Self-Help Isn’t Baloney

When my mom noticed that I was stressed about something the other day, she told me that, when the mind and spirit are at peace, the body reflects both parts, and vice versa. Without even asking me what was bothering me, she could tell by my body language and my face that I needed some encouragement.

Years of motherhood and wisdom has given her the savvy to detect emotions and vibes. She and my dad, having been together for 30 years this May, have applied themselves to learning more about the human psyche through the Holy Bible and through spiritual, psychological, and scientific self-help books.

One of my family’s favorite books is Switch On Your Brain, by Dr. Caroline Leaf, a communication pathologist and audiologist. On the subject of self-help, Leaf says that we are the masters of our own minds and domains, not random brain cells. If something bothers us in life, we—not anyone else—can change the circumstances in our environment. Leaf says, “Our perception of the environment plus how we manage our environment controls our bodies and lives…You become the master of your life instead of a victim” (65-66).

Since I currently live at home, I have 24/7 access to two of the best minds I trust. My parents, having raised me my whole life, never stop giving me advice or encouragements, especially when I ask for their opinions. Now as I grow older and embark on adventures such as my job, my creative writing, and my daily joys, I also have to remind myself of a quote my dad brought home from work once. The photo (seen below), featuring a cardinal on a winter’s pine branch, says “Gratitude changes everything.” Be blessed by this quote, my readers!

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Why Do You Write?

In his memoir A Moveable Feast, Ernest Hemingway wrote about Gertrude Stein’s thirst for reader approval. “Writing every day made her happy,” he wrote, “but as I got to know her better I found that for her to keep happy it was necessary that this steady daily output, which varied with her energy, be published and that she receive recognition.”

At this point in my writing journey, I’m not sure which is better for me: to be recognized for my writing or to pursue the pleasure of writing. I’ll illustrate with two narratives from my life.

My pursuit of the pleasure of writing began when I was nine, when I started writing children’s stories like those I read from Angelina Ballerina and poems like those from Dr. Seuss’s tales. Going into high school, I kept my dream of writing fiction alive. I attended a teenage writers group at the Wescott Library in Eagan, Minnesota, where I received consistently positive criticism on my short story excerpts.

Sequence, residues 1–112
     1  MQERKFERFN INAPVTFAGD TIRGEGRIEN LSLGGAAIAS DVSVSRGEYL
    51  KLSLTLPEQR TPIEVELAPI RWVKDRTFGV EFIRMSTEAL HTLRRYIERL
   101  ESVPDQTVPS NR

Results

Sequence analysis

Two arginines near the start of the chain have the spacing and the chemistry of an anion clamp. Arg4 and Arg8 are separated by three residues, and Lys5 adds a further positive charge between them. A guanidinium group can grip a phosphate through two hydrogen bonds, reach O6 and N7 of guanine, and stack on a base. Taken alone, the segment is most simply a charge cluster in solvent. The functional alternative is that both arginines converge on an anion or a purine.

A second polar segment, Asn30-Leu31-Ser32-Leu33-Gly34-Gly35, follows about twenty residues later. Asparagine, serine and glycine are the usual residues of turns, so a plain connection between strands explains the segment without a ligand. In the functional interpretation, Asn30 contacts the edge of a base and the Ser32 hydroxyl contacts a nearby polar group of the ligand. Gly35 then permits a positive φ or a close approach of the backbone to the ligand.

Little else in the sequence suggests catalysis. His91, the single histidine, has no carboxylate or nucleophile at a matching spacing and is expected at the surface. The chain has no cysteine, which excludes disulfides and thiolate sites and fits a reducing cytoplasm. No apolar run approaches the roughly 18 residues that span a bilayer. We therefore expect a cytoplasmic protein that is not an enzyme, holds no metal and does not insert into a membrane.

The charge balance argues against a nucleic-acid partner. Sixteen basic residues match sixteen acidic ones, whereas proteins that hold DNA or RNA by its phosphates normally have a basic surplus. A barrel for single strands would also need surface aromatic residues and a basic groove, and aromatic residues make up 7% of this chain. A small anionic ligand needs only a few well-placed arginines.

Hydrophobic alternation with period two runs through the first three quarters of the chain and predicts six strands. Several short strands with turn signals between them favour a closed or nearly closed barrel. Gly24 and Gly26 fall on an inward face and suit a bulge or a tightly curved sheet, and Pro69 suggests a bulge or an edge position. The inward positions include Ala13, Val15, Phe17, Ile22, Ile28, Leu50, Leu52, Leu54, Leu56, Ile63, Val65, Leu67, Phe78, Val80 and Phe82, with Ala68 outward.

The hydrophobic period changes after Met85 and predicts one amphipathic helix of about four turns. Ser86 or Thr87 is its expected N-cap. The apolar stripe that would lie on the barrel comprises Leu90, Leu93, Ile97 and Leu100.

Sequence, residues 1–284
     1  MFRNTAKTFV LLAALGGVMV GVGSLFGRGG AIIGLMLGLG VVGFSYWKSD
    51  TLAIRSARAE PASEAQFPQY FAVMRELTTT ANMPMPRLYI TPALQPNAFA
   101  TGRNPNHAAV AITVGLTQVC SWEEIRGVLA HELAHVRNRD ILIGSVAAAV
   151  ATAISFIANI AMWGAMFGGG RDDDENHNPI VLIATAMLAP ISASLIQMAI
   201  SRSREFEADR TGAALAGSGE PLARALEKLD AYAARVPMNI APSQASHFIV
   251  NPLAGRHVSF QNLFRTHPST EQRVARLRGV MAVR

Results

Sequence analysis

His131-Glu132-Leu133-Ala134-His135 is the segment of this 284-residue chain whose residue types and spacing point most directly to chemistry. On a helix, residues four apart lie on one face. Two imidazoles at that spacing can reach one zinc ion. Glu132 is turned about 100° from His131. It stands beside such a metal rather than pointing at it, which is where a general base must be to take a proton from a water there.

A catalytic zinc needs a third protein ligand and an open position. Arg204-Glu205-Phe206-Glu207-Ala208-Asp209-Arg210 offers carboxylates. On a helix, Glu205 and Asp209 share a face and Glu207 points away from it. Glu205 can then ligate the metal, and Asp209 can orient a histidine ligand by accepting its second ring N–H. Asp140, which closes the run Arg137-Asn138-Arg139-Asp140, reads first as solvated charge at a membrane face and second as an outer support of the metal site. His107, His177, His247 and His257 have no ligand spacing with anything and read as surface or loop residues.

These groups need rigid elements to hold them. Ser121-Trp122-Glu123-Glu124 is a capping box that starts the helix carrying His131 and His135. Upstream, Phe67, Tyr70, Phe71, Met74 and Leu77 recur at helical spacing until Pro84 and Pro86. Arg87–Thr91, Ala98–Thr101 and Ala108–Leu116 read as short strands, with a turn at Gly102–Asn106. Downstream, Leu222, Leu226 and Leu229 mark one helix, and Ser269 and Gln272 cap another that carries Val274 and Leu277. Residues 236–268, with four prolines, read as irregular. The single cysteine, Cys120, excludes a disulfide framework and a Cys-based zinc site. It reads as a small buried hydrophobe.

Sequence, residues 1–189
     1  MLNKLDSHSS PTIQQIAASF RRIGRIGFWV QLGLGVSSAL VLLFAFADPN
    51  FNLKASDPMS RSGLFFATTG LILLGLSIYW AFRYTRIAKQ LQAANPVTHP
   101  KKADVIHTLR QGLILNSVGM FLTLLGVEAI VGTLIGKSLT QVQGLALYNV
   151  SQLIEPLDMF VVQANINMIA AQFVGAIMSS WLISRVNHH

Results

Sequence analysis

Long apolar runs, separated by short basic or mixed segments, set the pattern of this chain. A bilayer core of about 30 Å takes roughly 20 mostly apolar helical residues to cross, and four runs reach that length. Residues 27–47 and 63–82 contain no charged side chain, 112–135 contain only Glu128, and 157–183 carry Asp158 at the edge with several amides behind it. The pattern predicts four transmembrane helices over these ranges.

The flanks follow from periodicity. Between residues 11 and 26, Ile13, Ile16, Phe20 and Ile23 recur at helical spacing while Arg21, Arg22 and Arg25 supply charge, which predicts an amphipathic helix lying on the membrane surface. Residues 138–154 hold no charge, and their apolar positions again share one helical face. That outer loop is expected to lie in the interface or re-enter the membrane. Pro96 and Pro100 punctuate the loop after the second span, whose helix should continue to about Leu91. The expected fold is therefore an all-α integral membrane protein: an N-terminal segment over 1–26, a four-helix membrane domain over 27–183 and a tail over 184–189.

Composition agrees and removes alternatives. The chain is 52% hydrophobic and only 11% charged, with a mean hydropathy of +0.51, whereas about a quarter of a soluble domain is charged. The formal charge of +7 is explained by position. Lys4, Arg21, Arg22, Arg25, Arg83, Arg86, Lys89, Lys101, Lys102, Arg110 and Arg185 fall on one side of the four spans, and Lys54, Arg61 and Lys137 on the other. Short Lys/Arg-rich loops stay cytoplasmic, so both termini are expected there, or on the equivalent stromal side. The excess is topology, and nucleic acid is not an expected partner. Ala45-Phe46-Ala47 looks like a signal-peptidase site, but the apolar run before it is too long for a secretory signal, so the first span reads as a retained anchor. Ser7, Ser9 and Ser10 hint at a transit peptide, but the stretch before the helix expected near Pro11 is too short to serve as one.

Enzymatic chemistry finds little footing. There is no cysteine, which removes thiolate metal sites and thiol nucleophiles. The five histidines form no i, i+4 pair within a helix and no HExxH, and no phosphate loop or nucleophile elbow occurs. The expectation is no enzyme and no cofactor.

Going into college, I quickly learned how to write under pressure and intense grading, from which I took some of the most invaluable courses from my bachelor’s degree at the University of Northwestern – St. Paul. For example, “Writing Theory” was a class that taught me how to affect my readers’ emotions by choosing my diction, the sounds of my letters, and the length of my sentences to match my prose or poetry. Because of my dedication to my craft and the effort I put into my Honors classes, I graduated with flying colors.

Since I’ve been living the graduated life for two years now, I’ve found that I need to balance the pleasure of my writing with the recognition I receive from writers. Some of my favorite examples have come from reading my prose to a group of writers at a coffee shop in St. Paul. (Check out my essay “Simply Bask,” which I published in my university’s literary magazine!) The thrill of reading aloud to a live audience, seeing their attentive faces, and walking off a stage to a clapping crowd is one of the reasons why I want to keep writing. To publish my fiction with a traditional company is one of my goals, when I will further experience the joy of being published and recognized like Miss Stein.

So, my readers, what are your dreams in writing or publishing fiction? What are you pursuing, and when have you had an occasion to be recognized for your work? My thoughts go out to you! Godspeed.

I Broke My Writing Hiatus

Friends, readers, I’m sorry I took a year and a half off from writing. Not only did I neglect my blog, but I also neglected my craft. For the years of 2016 and 2017, I set aside other important duties which, as much as I respect writing, I found to be more important. My brother got married to a beautiful and godly woman. My family and I moved from Eagan to Lakeville in a stunning house. Finally, I found my job at CenterPoint Energy, which has been more wonderful than I could’ve thought possible in a job. I’m using my writing skills to publish about 15 construction reports a week; my co-workers and my boss make my days enjoyable and fun; and I’m using my salary to pay off all my college debt!

Writing has never been far from me. I’ve published an article in Refreshed about a woman who recovered from consumption abuse and created her own clinic to help those who’ve experienced her pains. I’ve shared my college poetry at a reading in a local coffee shop in Roseville. My days have a blessing. Even my personal reading, which has varied anywhere from Confessions of a Shopaholic to The Old Man and the Sea, has been consistently pleasurable. My professors would be proud of me.